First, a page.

The state of worsening maternal health in the country is an alarming reflection of the country’s poor public health system and neglect of mothers and the newborn. The impending privatization of the Fabella Hospital is only the latest blow against poor mothers from a government that has a bad record of ensuring maternal health.

Poor outcomes due to poor access

Maternal mortality and universal access to reproductive health have deteriorated in the Philippines in the last 15 years. Maternal mortality rate (the percentage of women who die while pregnant or within 42 days of termination of pregnancy) has worsened, for instance, from a decade-low of 162 deaths per 100,000 livebirths in 2006 to 221 deaths per 100,000 livebirths in 2011, according to the Family Health Survey. According to the National Economic and Development Authority, infant mortality was at 22 per 1,000 live births. A children’s rights group reported a huge gap for newborn deaths between the poorest and wealthiest households as of 2014.

In the Philippines, poverty prevents women to access maternal and other health services. Based on the latest National Demographic Survey (NDHS), only four out of 10 of livebirths belonging to the poorest 20% were delivered by a skilled provider such as a doctor, nurse or midwife while all livebirths belonging to the richest 20% were delivered by a skilled provider. The rest of the livebirths belonging to the poorest 20% were delivered by hilots or traditional birth attendants. Only four out of 10 livebirths belonging to the poorest 40% were delivered in a health facility while nine out of 10 livebirths belonging to the richest 20% were delivered in a health facility.

The high cost of availing health services primarily prevents access. For women who were not able to deliver in a health facility, four out of 10 said that they were not able to do so because it costs too much. For overall health services when they are sick, six out of 10 women belonging to the poorest 40% who said that they had problems accessing health care said that it was because they had difficulty in getting money for treatment.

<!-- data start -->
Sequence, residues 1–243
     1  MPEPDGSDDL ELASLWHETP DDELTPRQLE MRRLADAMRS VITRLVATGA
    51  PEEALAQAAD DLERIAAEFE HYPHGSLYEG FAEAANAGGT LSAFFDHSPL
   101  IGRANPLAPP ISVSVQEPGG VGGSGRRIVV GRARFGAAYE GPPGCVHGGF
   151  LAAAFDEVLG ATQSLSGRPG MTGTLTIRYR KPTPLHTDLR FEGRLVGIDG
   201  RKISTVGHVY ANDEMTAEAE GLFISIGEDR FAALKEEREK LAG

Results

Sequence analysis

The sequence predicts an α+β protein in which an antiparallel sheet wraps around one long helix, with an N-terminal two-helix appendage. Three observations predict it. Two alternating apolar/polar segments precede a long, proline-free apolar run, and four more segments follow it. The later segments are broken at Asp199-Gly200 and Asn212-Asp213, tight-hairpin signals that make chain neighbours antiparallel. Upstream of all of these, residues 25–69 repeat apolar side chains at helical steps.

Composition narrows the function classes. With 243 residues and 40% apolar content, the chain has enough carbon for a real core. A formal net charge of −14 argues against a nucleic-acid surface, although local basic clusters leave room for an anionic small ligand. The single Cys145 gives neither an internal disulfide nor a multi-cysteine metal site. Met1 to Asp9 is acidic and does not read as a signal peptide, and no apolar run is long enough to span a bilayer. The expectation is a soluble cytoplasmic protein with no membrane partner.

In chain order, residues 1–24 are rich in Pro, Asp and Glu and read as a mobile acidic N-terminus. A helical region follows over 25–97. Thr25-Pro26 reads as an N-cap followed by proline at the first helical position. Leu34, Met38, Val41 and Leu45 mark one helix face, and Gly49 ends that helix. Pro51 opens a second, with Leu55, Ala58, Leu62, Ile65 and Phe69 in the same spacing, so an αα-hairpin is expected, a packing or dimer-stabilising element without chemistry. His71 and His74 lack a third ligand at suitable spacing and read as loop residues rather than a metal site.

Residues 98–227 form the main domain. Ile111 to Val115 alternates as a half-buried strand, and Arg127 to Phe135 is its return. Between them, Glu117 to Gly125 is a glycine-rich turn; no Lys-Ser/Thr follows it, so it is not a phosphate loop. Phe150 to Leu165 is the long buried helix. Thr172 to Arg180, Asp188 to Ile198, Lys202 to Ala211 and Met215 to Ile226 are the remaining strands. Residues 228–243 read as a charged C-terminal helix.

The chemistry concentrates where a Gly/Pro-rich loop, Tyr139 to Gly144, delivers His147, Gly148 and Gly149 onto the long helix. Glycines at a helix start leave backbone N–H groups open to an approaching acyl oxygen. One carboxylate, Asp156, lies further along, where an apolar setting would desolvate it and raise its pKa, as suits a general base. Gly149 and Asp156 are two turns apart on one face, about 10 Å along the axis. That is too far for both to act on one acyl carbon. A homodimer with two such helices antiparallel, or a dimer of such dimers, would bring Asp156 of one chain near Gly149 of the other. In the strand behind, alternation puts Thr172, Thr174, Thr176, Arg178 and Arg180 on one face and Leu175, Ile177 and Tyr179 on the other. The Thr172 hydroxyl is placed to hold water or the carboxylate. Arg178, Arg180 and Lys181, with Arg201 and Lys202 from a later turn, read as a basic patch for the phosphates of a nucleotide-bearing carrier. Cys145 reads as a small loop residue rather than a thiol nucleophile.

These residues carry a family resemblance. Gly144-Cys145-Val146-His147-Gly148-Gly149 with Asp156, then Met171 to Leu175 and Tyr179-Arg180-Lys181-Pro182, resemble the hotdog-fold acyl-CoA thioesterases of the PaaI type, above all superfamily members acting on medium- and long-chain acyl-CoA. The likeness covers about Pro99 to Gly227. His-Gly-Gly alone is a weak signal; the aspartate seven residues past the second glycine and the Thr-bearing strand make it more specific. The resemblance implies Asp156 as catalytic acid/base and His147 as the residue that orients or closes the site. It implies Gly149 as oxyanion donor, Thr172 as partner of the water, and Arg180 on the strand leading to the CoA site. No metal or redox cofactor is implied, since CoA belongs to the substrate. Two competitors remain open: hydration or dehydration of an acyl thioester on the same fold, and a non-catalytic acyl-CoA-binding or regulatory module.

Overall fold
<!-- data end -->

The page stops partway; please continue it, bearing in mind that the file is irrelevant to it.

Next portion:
Distance to health facilities, which has a dimension of cost for transportaiton, is the second most common reason for women’s difficulty in accessing health services. Four out of 10 women belonging to the poorest 60% who reported to have problems in accessing health care cited the distance to the health facility as their health problem. Overall, seven out of 10 women belonging to the poorest 60% reported that they had problems in accessing health care compared to only five out of 10 women belonging to the 40% richest who do.

Public to private

Established by Dr. Jose Fabella in 1922, Fabella Hospital is the first midwifery school in the Philippines which has been producing midwives who would become the backbone of the country’s rural public health services.

The only public hospital in the country specializing in maternal and neonatal care services, Fabella Hospital has a unique role in providing these services for the poor. Standing in the Old Bilibid Prison compound in Manila, it has evolved from a six-bed Maternity House in 1920 to a 700-bed capacity hospital that accounts for around 20% of babies delivered in Metro Manila. The hospital’s authorized bed capacity can even as go as high as 120%, with two to four patients occupying one bed on regular days.

It has specific wards for various maternal and neonatal care needs. According to the Alliance of Health Workers (AHW), Fabella serves around 2,000 inpatients and outpatients daily. On a normal day, the following departments serve the following number of patients: outpatient for pediatrics, 150; obstetrics, 200 patients; gynecology, 50-100 patients; in patient pediatrics, 95 patients; NICU, 30-60 babies; and, post abortal, 12 patients. It records 15 total deliveries in caesarian section and 35 normal spontaneous deliveries daily.

However, government attempted several times to close, transfer or transform Fabella Hospital in the past one and a half decades. First, the National Center for Women’s Health contained in the DOH Medium Term National Hospital Development Program 2001-2010 did not push through. Second, the government-owned Home Guaranty Corporation (HGC) sought to develop the property in 2007. The hospital director announced that Fabella’s structure is weak and must be closed but public protests prevented the closure. Still, the national government made no move to repair and retrofit the hospital, nor allocate capital outlay budget for the years 2011, 2013 and 2015.